: Oldest Sister at Greater Risk of Obesity, Study Contends
Posted August 28, 2015
By Steven Reinberg
WEDNESDAY, Aug. 26, 2015 (HealthDay News) -- Firstborn girls are more likely to be overweight or obese in adulthood than their younger sisters, results of a new study suggest.
Firstborns had 29 percent greater odds of being overweight and 40 percent greater odds of being obese than sisters born second, the researchers said. In addition, firstborns were also slightly taller.
"This is the fourth study we have done to characterize the health risks of firstborn in four different populations," said lead researcher Dr. Wayne Cutfield, a professor of pediatric endocrinology at the Liggins Institute of the University of Auckland in New Zealand.
"If you look at the health risks of those that are firstborn, you find that firstborns are more insulin resistant than later borns, which is a risk factor for diabetes, and they have higher blood pressure than later borns," he said.
However, the new study is an observational study, so no definitive conclusions can be drawn about cause-and-effect between birth order and later weight status, Cutfield pointed out.
Still, Cutfield thinks that these risks might be due to less of the mother's blood reaching the placenta during her first pregnancy than in later pregnancies because blood vessels are narrower in the first pregnancy.
In addition, firstborns tend to weigh less than later borns, which might be a result of less nutrients reaching the first fetus, he said.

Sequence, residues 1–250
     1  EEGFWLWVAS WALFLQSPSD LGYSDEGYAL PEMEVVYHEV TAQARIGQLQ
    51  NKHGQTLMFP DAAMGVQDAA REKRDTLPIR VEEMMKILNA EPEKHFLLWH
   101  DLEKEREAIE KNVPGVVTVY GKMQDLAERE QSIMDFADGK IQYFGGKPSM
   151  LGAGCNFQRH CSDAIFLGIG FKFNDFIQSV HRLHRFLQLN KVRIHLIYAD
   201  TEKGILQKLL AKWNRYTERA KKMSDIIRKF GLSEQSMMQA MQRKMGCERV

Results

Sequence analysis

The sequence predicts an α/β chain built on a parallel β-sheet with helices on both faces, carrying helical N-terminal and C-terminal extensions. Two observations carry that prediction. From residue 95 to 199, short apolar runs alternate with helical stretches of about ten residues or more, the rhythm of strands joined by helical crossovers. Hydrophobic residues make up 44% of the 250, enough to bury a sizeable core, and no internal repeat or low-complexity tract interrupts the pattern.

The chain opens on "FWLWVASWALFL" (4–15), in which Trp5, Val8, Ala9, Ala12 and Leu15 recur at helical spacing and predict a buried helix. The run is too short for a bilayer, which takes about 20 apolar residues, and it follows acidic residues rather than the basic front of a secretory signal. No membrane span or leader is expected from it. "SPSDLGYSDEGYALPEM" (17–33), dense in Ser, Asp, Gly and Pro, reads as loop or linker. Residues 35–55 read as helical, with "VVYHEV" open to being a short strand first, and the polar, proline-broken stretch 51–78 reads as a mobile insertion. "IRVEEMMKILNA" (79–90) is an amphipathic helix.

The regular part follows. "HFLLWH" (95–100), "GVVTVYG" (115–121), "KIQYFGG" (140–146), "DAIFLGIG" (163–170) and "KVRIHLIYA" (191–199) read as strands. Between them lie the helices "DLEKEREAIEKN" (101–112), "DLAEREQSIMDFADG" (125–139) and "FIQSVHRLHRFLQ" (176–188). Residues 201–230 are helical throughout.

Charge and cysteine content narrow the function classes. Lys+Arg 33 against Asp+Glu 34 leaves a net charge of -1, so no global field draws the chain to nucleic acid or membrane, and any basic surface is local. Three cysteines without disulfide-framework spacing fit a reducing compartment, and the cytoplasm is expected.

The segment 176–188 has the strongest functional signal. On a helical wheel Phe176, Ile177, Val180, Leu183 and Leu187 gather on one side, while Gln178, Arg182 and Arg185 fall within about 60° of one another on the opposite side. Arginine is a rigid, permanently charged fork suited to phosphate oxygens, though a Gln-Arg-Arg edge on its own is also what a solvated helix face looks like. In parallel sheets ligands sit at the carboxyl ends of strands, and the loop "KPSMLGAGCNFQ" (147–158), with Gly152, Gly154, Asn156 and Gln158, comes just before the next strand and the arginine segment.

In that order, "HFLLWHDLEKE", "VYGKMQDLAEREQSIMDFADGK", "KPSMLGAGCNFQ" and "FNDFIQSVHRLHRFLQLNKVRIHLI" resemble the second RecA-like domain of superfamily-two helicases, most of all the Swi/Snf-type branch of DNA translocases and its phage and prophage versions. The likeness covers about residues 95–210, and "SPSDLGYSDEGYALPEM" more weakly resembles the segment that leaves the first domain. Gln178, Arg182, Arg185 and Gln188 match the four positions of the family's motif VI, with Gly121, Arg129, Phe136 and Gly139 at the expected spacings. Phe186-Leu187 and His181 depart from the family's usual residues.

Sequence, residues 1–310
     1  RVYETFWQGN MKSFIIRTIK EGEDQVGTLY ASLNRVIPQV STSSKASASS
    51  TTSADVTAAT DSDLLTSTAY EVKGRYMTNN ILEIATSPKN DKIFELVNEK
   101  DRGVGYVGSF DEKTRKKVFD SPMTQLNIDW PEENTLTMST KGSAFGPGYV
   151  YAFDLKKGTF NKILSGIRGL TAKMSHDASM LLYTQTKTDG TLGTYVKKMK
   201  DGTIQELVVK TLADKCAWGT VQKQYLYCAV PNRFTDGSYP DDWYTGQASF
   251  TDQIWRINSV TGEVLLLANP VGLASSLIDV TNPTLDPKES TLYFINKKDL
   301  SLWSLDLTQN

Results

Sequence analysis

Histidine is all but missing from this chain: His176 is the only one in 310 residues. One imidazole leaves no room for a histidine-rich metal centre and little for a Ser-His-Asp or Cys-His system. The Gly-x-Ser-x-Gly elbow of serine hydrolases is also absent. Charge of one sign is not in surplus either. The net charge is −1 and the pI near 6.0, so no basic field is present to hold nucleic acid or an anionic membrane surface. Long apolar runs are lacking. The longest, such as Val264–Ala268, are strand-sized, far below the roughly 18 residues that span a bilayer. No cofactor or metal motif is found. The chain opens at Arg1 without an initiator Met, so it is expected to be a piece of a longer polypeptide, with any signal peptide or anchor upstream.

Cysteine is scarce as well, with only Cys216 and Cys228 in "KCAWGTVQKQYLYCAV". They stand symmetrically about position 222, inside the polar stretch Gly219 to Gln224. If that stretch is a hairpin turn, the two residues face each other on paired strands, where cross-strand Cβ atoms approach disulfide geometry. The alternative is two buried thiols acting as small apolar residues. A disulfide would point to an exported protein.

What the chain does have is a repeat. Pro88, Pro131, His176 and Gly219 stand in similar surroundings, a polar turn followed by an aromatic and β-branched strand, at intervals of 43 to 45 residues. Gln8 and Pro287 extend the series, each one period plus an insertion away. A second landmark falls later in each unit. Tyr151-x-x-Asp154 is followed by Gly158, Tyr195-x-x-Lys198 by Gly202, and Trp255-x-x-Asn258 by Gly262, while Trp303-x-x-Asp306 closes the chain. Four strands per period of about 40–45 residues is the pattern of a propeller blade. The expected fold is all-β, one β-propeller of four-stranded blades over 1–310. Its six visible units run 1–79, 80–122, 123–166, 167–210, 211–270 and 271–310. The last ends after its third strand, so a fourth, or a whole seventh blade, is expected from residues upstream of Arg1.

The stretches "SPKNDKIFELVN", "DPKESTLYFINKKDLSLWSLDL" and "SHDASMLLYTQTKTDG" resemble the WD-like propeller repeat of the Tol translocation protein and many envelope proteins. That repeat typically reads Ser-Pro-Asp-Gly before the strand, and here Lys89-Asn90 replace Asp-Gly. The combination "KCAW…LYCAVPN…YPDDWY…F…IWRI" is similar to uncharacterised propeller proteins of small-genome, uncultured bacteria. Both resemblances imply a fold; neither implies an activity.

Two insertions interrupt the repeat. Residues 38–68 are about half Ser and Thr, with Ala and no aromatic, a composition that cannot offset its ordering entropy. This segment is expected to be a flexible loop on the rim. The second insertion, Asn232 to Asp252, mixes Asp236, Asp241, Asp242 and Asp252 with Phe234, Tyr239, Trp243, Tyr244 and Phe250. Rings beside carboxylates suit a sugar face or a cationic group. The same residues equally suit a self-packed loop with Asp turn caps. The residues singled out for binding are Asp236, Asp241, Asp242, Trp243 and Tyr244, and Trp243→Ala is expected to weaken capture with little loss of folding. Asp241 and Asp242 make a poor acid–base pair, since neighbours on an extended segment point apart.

As families have been getting smaller, firstborns make up a larger part of the population, which might explain some of the obesity epidemic, he suggested. "It's a small contributor. It's not a major contributor," according to Cutfield.
He said that knowing the health risk of being firstborn is helpful because it empowers firstborns to make decisions about their lifestyle. Living a healthy lifestyle can reduce the risk of obesity, high blood pressure and diabetes, he pointed out.
"There are minor health risks associated with being firstborn," Cutfield said. "I don't want firstborns to think they will become obese or get diabetes or high blood pressure -- it is a risk factor, and the risk of getting a disease is a combination of risk factors, not just a single risk factor," he said.
The report was published online Aug. 26 in the Journal of Epidemiology & Community Health.
Using the Swedish Birth Register, Cutfield's team collected data on girls born between 1973 and 1988 who were pregnant between 1991 and 2009. Complete data were available for more than 13,000 sister pairs -- just under 27,000 women in total.
The researchers noted that this study's findings corroborate previous studies that have shown a link between greater weight and height in firstborns in men.
Dr. David Katz, president of the American College of Lifestyle Medicine, said, "This study establishes an association in females, already seen in males, between the likelihood of obesity in adulthood and place in the birth order, but by design, it cannot say for sure why such an association exists."
Perhaps firstborn children are less well-nourished in the womb or excessively nourished in early childhood. Perhaps there are life stresses unique to being the firstborn child that somehow pertain, he suggested.
Some factors related to obesity are not a matter of individual choice -- no one chooses their place in a birth order. This study makes us consider aspects of obesity that are not related to personal responsibility, Katz said.
Being born first may play a small role in obesity, but the obesity epidemic is largely a consequence of society's obsession with unhealthy food choices and a sedentary lifestyle, Katz said.
"Birth order is not a modifiable risk factor, but the obesogenic environment and a lifestyle at odds with weight control and health promotion certainly are," he said. "Our attention, as ever, should be directed there."
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